Beatrice decides to walk home from work. Make it a habit. Karma. Maybe a good habit will replace a bad habit. While she ponders the notions of karma, she notices a truck pulled over on the side of the road. A man leans on the truck door. He seems to be in trouble. He’s covered with blood, and Beatrice’s first thought is that he’s been shot.
He tells her that he just left the kidney dialysis clinic. “Something’s wrong,” he moans.
She walks him to the passenger side of his truck and asks him how to get to the clinic.
The front seat is covered in blood. Beatrice is now covered in blood. The blood keeps gushing out of the man’s arm. She worries he may be dying.
The people at the clinic hardly react when she walks the bloody man into the building. Maybe everyone returns with this much blood after something goes wrong with a treatment. The man is whisked away, and Beatrice is left standing there, wondering what she’s supposed to do next. She explains how she just met the man, and then asks if he has family that can be notified.
“Oh, yeah. We’ll call his house. Don’t worry; you can leave.”
They want Beatrice out of the clinic.
She looks at the bloody man, unaware of the blood covering her own clothes and arms. It’s hard leaving him in the hands of these people.
“Don’t worry. He’ll be fine. You go on,” the receptionist says, ushering her to the door.
Beatrice steps outside. The fresh air is rejuvenating. The walk home will be much longer now. No one asks her why she is covered with blood. They just step aside when she approaches them on the sidewalk.
When she returns to her apartment, a neighbor sees the blood and shrieks. Beatrice explains that she wasn’t attacked. The neighbor looks momentarily relieved. Until Beatrice tells her the story about the bloody man.
“You may have AIDS,” the neighbor says. “That was careless.”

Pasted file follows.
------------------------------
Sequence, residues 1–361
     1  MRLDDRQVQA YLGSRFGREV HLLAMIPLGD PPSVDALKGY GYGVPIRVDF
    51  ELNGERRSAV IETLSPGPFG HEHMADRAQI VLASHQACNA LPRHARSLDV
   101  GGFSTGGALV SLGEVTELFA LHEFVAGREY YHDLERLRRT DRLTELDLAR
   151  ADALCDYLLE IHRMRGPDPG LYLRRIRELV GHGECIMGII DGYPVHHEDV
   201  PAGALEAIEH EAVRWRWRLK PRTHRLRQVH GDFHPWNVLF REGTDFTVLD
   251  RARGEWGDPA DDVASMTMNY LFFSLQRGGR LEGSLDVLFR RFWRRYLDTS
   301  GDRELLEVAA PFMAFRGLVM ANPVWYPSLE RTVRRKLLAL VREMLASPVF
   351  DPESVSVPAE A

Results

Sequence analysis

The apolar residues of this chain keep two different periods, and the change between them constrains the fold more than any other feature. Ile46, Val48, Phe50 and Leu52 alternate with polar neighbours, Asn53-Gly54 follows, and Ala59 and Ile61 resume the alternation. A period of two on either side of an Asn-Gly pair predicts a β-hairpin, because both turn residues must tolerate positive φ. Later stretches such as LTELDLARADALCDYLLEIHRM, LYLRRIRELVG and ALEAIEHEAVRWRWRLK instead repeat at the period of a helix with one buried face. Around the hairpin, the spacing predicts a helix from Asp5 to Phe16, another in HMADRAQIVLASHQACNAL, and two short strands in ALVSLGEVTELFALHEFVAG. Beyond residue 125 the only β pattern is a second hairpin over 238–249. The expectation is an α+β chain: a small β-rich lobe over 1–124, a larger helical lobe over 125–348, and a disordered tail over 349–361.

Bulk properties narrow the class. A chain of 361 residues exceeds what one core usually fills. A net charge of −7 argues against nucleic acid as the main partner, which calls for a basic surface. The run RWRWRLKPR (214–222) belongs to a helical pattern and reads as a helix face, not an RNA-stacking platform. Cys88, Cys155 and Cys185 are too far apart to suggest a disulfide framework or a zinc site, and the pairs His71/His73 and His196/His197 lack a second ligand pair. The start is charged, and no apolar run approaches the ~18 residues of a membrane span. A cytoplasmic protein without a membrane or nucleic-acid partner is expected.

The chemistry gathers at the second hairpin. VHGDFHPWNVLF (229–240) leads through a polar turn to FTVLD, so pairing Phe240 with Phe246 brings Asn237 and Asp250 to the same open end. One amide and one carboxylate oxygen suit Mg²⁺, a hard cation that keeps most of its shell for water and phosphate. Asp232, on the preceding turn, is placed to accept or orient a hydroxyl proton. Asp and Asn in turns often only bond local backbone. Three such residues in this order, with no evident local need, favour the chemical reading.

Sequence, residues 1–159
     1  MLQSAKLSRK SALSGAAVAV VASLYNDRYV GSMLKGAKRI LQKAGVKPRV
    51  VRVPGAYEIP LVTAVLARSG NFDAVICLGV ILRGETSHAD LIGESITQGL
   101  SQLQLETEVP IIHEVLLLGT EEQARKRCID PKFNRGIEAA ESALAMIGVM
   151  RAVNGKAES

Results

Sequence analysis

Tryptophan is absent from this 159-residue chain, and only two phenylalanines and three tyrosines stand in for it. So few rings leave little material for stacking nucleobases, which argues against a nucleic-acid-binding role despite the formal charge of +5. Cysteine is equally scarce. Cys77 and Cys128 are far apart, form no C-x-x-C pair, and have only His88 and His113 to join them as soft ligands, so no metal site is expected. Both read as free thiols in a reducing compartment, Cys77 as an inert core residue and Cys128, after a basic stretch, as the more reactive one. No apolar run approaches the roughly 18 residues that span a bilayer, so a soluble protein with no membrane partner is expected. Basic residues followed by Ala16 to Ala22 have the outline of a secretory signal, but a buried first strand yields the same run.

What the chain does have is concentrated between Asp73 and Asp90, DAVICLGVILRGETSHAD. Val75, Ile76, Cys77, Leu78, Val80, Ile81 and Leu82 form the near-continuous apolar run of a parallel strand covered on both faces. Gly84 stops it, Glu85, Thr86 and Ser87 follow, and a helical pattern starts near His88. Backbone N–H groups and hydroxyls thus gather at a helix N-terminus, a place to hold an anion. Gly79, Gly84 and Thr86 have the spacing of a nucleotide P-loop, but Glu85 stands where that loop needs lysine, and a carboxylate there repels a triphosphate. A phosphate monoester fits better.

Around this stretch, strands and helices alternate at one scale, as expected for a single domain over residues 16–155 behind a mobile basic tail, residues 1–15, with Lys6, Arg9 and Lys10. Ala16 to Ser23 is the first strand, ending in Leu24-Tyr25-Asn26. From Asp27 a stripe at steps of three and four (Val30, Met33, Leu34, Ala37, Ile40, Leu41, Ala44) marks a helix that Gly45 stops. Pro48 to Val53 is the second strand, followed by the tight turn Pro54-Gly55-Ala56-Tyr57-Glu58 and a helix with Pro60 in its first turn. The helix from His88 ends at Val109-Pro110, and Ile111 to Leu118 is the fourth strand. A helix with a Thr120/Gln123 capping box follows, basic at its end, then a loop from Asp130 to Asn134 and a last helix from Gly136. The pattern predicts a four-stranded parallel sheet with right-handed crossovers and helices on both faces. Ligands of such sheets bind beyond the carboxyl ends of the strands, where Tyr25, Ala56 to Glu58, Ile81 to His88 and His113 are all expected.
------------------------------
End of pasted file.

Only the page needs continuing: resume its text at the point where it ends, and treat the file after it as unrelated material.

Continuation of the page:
That thought has never crossed her mind.
The neighbor grabs the garden hose and sprays Beatrice down, while she stands there covering her head. “I hope this works!” the neighbor yells. “What were you thinking?”
She had been thinking about karma, how what comes around goes around.
The 2016 Luminaire Award for Best Prose
We are pleased to announce this story as a finalist for The 2016 Luminaire Award for Best Prose, honoring the independent press’ best short stories and hybrid prose works of the year. The winners are selected by an external panel that judges all pieces blindly and selects the full list of 12 finalists from hundreds of entries. Alternating Current does not determine the final outcome for the judging; the external judges’ decisions are final.
Diane Payne’s most recent publications include: Map Literary Review, Watershed Review, Tishman Review, Whiskey Island, Kudzu House Quarterly, Superstition Review, Burrow Press, Dime Show Review, Lime Hawk, and Cheat River Review. She has work forthcoming in The Offing, Elke: A little Journal, Souvenir Literary Journal, Outpost 19. Diane is the author of Burning Tulips (Red Hen Press) and is the MFA Director at University of Arkansas at Monticello.